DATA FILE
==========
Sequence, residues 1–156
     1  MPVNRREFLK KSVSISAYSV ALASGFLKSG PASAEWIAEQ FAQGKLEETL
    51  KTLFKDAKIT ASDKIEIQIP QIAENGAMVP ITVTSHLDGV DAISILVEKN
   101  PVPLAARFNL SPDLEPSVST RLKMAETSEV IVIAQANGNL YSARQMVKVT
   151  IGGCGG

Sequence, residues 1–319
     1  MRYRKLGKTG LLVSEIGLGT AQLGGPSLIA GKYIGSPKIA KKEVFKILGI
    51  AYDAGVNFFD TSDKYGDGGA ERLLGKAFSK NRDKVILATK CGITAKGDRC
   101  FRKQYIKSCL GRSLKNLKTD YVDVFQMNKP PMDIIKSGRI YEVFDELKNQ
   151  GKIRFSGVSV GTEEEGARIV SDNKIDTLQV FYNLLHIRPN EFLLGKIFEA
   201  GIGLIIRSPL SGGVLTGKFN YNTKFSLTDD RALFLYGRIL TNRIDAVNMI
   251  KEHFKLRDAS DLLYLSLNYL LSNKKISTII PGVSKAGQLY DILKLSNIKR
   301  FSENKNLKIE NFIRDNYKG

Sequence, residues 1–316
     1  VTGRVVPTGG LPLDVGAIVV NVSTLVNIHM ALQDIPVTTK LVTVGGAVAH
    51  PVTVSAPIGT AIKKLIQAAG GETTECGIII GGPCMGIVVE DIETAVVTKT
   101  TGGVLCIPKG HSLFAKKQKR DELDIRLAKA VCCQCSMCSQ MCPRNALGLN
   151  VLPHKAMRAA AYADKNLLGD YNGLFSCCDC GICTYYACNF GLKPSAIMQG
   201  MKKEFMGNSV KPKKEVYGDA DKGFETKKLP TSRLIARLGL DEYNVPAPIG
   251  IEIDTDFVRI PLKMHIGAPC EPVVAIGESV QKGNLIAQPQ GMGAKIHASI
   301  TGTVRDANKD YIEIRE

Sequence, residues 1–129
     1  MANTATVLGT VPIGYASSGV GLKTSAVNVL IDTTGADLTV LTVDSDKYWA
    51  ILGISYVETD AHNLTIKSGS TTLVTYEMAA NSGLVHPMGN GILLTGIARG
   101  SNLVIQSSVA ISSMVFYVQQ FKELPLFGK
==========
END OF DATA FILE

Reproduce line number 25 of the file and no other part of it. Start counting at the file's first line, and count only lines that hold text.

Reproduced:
   101  SNLVIQSSVA ISSMVFYVQQ FKELPLFGK